The owner of French carmaker Peugeot has reported a near doubling of profits, as it considers buying General Motors' (GM) Opel and Vauxhall brands.
Net income at PSA Group, which also owns Citroen, jumped 92% last year to 1.73bn euros (£1.47bn).
PSA's possible purchase of GM's European brands has raised fears of job losses at Vauxhall in the UK.
On Wednesday, PSA said it had promised Theresa May it would "develop" the Vauxhall brand if the deal goes ahead.
But it offered no further commitments to protect the 4,500 jobs making cars at Ellesmere Port and vans in Luton.
The two firms are expected to sign a statement of intent during the next two weeks.
General Motors announced last week it was in discussions over selling its European brands, Opel and Vauxhall, to PSA. That prompted speculation that the French company would cut capacity by closing plants.
Politicians in Germany and the UK have begun lobbying on behalf of their own locations. On Wednesday evening UK Prime Minister Theresa May spoke to PSA chief executive Carols Tavares on the telephone.
During the call, PSA chief executive Carlos Tavares "expressed his willingness to develop further the iconic Vauxhall brand for the benefit of its faithful customers", PSA said in a statement.
PSA said its operating margin, the level of profit it makes on sales, had risen from 5% in 2015 to 6% in 2016. It is the third year in a row that operating margin, sales and net profit have improved at the group, which flirted with bankruptcy in 2014.
As a result of the company's improved performance, chief financial officer Jean-Baptiste de Chatillon said PSA was in a position to make "profitable investments in the interest of our shareholders".
However, he added that the outcome of the talks with GM were not yet certain.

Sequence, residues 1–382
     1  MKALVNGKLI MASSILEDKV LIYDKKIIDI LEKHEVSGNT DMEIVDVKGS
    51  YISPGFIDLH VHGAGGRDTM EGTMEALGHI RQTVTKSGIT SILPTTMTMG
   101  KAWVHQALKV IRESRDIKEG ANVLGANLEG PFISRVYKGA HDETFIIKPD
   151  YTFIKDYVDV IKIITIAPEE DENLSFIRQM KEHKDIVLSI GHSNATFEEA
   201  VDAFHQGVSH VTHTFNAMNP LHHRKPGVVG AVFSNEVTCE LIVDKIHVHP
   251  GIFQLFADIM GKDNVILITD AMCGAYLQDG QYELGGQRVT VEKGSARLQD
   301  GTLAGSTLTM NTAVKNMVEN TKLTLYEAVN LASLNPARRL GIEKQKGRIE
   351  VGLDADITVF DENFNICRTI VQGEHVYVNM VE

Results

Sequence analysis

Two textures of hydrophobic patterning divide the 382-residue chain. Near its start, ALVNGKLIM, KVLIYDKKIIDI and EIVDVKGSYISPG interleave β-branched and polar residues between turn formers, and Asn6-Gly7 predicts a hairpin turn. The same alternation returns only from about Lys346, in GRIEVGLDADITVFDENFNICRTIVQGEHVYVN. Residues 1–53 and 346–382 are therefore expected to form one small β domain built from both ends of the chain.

Theo Leggett, BBC business reporter
According to Carlos Tavares, Opel needs help. It has, he says, been making red ink for 10 years and burning 1bn euros in cash every year.
If you put it that way, it's easy to see why General Motors wants to get rid of it - but why is PSA Group so interested in taking it on?
In today's press conference, Mr Tavares set out a few reasons. And one of them seems to be the international reputation of German-built cars compared to their French rivals.
In some countries, he said, French-built cars simply don't sell. He didn't specify where, although the United States would appear to be a prime example.
Combining the two companies would also generate cost savings. And having engineered a rescue for PSA itself, when the French giant came close to going bust in 2014, Mr Tavares knows how to turn a failing business around.
So there's logic in the planned deal. But Mr Tavares can have no illusions about the political sensitivities involved. Despite his promises to honour existing labour agreements, analysts believe job cuts at some point are inevitable.
So the road ahead could be a rocky one.